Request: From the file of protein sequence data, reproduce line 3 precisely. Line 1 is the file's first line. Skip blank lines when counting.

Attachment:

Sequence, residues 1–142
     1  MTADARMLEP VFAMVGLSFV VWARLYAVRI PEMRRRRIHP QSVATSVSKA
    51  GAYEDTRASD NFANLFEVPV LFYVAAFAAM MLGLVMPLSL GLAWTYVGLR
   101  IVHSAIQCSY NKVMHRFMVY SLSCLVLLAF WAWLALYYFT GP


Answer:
    51  GAYEDTRASD NFANLFEVPV LFYVAAFAAM MLGLVMPLSL GLAWTYVGLR